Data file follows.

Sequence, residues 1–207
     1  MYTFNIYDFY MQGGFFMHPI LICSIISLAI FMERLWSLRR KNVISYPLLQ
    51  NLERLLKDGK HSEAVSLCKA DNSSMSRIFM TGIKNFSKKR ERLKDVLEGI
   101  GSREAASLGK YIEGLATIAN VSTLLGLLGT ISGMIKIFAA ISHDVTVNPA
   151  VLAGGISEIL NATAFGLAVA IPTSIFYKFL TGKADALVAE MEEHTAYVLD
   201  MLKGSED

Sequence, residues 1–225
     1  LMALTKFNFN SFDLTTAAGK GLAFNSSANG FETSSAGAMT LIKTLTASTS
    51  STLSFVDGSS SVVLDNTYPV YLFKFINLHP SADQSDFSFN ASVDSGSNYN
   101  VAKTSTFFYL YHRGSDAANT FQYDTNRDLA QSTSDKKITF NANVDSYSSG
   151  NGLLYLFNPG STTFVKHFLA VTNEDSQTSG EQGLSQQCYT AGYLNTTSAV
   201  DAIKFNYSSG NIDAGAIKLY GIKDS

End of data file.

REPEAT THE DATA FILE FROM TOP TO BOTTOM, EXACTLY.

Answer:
Sequence, residues 1–207
     1  MYTFNIYDFY MQGGFFMHPI LICSIISLAI FMERLWSLRR KNVISYPLLQ
    51  NLERLLKDGK HSEAVSLCKA DNSSMSRIFM TGIKNFSKKR ERLKDVLEGI
   101  GSREAASLGK YIEGLATIAN VSTLLGLLGT ISGMIKIFAA ISHDVTVNPA
   151  VLAGGISEIL NATAFGLAVA IPTSIFYKFL TGKADALVAE MEEHTAYVLD
   201  MLKGSED

Sequence, residues 1–225
     1  LMALTKFNFN SFDLTTAAGK GLAFNSSANG FETSSAGAMT LIKTLTASTS
    51  STLSFVDGSS SVVLDNTYPV YLFKFINLHP SADQSDFSFN ASVDSGSNYN
   101  VAKTSTFFYL YHRGSDAANT FQYDTNRDLA QSTSDKKITF NANVDSYSSG
   151  NGLLYLFNPG STTFVKHFLA VTNEDSQTSG EQGLSQQCYT AGYLNTTSAV
   201  DAIKFNYSSG NIDAGAIKLY GIKDS